Democratic congressional leaders reacted to the news of Attorney General Jeff Sessions' firing on Wednesday by warning that special counsel Robert Mueller's investigation into potential Russia collusion must be safeguarded from interference.
They also called for the new acting attorney general, who has been openly critical of Mueller and the investigation, to recuse himself from oversight of the inquiry.
Continents and regions
Government and public administration
Law and legal system
Political Figures - US
Russia meddling investigation
Government organizations - US
US Democratic Party
US political parties
Government bodies and offices
US federal government
House Democratic leader Nancy Pelosi of California said on Twitter, "It is impossible to read Attorney General Sessions' firing as anything other than another blatant attempt" by President Donald Trump "to undermine" and "end" the Mueller probe.
Senate Democratic leader Chuck Schumer of New York said at a news conference in Washington that "protecting Mueller and his investigation is paramount" and it "would create a constitutional crisis if this were a prelude to ending or greatly limiting the Mueller investigation."
Both called for the recusal of Matthew Whitaker, who Trump announced on Twitter will become the new acting attorney general.
Whitaker, who was Sessions' chief of staff, is expected to take charge of the Russia investigation from Deputy Attorney General Rod Rosenstein. Whitaker argued in a CNN op-ed last year that Mueller was "dangerously close to crossing" a red line following reports that the special counsel could be examining financial records tied to the Trump Organization. In the same op-ed, Whitaker called for the investigation to be limited in its scope.
"It is time for Rosenstein, who is the acting attorney general for the purposes of this investigation, to order Mueller to limit the scope of his investigation to the four corners of the order appointing him special counsel," he wrote. "If he doesn't, then Mueller's investigation will eventually start to look like a political fishing expedition."
In a statement released after his news conference Wednesday, Schumer also called on Whitaker to recuse himself from oversight of the investigation.
"Given his previous comments advocating defunding and imposing limitations on the Mueller investigation, Mr. Whitaker should recuse himself from its oversight for the duration of his time as acting attorney general," Schumer said in the statement.
Pelosi made a similar statement on Twitter, saying, "Given his record of threats to undermine & weaken the Russia investigation, Matthew Whitaker should recuse himself from any involvement in Mueller's investigation. Congress must take immediate action to protect the rule of law and integrity of the investigation. #FollowTheFacts."
Sessions resigned his position as attorney general in a letter to the President, writing, "At your request, I am submitting my resignation."
Mueller is investigating potential links or coordination between Trump's 2016 campaign associates and the Russian government. The President has consistently denied that there was any collusion and has attacked the inquiry as a "witch hunt."
A senior GOP congressional aide reaffirmed the previous position for GOP leadership that Trump should not fire Mueller.
"He would be playing with fire," the aide said.
Democratic Rep. Jerry Nadler of New York, who is poised to become the chairman of the House Judiciary Committee when Democrats take control of Congress, said in a statement that "The firing of Attorney General Jeff Sessions fits a clear pattern of interference from President Donald Trump in the work of the Department of Justice and the ongoing criminal investigation being conducted by Special Counsel Robert Mueller."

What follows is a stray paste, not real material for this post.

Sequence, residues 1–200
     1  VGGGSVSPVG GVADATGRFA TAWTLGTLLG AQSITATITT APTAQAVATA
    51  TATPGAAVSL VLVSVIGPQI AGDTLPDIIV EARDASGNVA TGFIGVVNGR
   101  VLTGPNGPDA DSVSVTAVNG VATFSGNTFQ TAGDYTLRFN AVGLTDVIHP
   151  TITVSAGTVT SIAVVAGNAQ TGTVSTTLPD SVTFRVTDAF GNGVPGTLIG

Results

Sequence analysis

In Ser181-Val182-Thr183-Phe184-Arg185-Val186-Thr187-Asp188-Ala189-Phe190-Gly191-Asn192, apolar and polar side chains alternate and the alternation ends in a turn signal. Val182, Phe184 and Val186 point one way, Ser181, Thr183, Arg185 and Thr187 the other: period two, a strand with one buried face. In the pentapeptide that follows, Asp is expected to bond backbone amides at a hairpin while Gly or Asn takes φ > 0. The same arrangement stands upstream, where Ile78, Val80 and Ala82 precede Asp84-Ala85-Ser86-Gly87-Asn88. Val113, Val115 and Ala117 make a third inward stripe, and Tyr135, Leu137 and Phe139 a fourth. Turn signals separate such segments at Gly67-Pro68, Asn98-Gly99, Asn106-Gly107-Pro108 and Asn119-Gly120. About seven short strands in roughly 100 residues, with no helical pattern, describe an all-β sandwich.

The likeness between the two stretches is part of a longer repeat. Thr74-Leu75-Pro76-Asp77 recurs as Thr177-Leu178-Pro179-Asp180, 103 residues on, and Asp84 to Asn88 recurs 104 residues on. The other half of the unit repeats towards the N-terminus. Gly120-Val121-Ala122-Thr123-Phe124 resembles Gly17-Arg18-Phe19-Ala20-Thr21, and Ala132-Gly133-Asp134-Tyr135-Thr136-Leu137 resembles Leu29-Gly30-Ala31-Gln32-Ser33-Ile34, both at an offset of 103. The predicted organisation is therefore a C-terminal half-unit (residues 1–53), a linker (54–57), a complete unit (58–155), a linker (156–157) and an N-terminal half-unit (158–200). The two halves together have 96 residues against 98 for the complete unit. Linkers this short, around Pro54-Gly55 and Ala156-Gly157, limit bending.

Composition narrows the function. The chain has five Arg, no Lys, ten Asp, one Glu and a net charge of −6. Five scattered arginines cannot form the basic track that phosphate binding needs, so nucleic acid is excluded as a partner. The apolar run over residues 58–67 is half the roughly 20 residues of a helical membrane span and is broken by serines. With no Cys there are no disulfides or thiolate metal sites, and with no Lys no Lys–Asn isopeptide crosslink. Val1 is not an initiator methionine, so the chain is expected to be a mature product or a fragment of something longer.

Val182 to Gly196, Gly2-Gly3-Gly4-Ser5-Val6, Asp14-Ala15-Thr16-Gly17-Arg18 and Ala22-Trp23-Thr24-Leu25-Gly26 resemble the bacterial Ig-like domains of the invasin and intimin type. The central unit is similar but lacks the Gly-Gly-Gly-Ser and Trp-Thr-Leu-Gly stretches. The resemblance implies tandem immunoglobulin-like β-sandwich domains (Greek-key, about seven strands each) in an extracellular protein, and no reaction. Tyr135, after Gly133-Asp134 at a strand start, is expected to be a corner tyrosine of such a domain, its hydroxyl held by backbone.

He added, "We are immediately issuing multiple letters to key officials demanding that they preserve all relevant documents related to this action to make sure that the investigation and any evidence remains safe from improper interference or destruction."
Democratic Rep. Adam Schiff of California, who is expected to take over the gavel on the House Intelligence Committee, vowed that Democrats will "protect the rule of law."
"President Trump just removed Jeff Sessions. He wants an Attorney General to serve his interest, not the public," Schiff tweeted. "Mueller's investigation and the independence of the DOJ must be protected. Whitaker and any nominee must commit to doing both. We will protect the rule of law."
Schumer said at his news conference that he hopes "if there is a constitutional crisis that our Republican colleagues would join us in thwarting the President from creating that crisis."
The Senate Democratic leader said he finds the timing of Sessions' departure "very suspect." He went on to say, "Our paramount view is that any attorney general, whether this one or another one, should not be able to interfere with the Mueller investigation in any way. They should not be able to end it. They should not be able to limit it. They should not be able to interfere with Mueller going forward and doing what he thinks is the right thing."
This story has been updated.
- Democrats warn against Mueller probe interference after Sessions' firing
- Reality check: Sessions can't end Mueller probe
- Sessions replacement a critic of Mueller probe
- Trump calls on Sessions to end Mueller probe
- Sessions 'confident' Mueller probe will be handled 'appropriately'
- Top House Democrat on intel panel warns Whitaker over Mueller probe
- Giuliani says Trump won't fire Jeff Sessions before Mueller probe ends
- Graham warned Trump not to end Mueller probe
- Mueller indicts 13 Russian nationals over 2016 election interference
- Trump: Sessions should end Russia probe now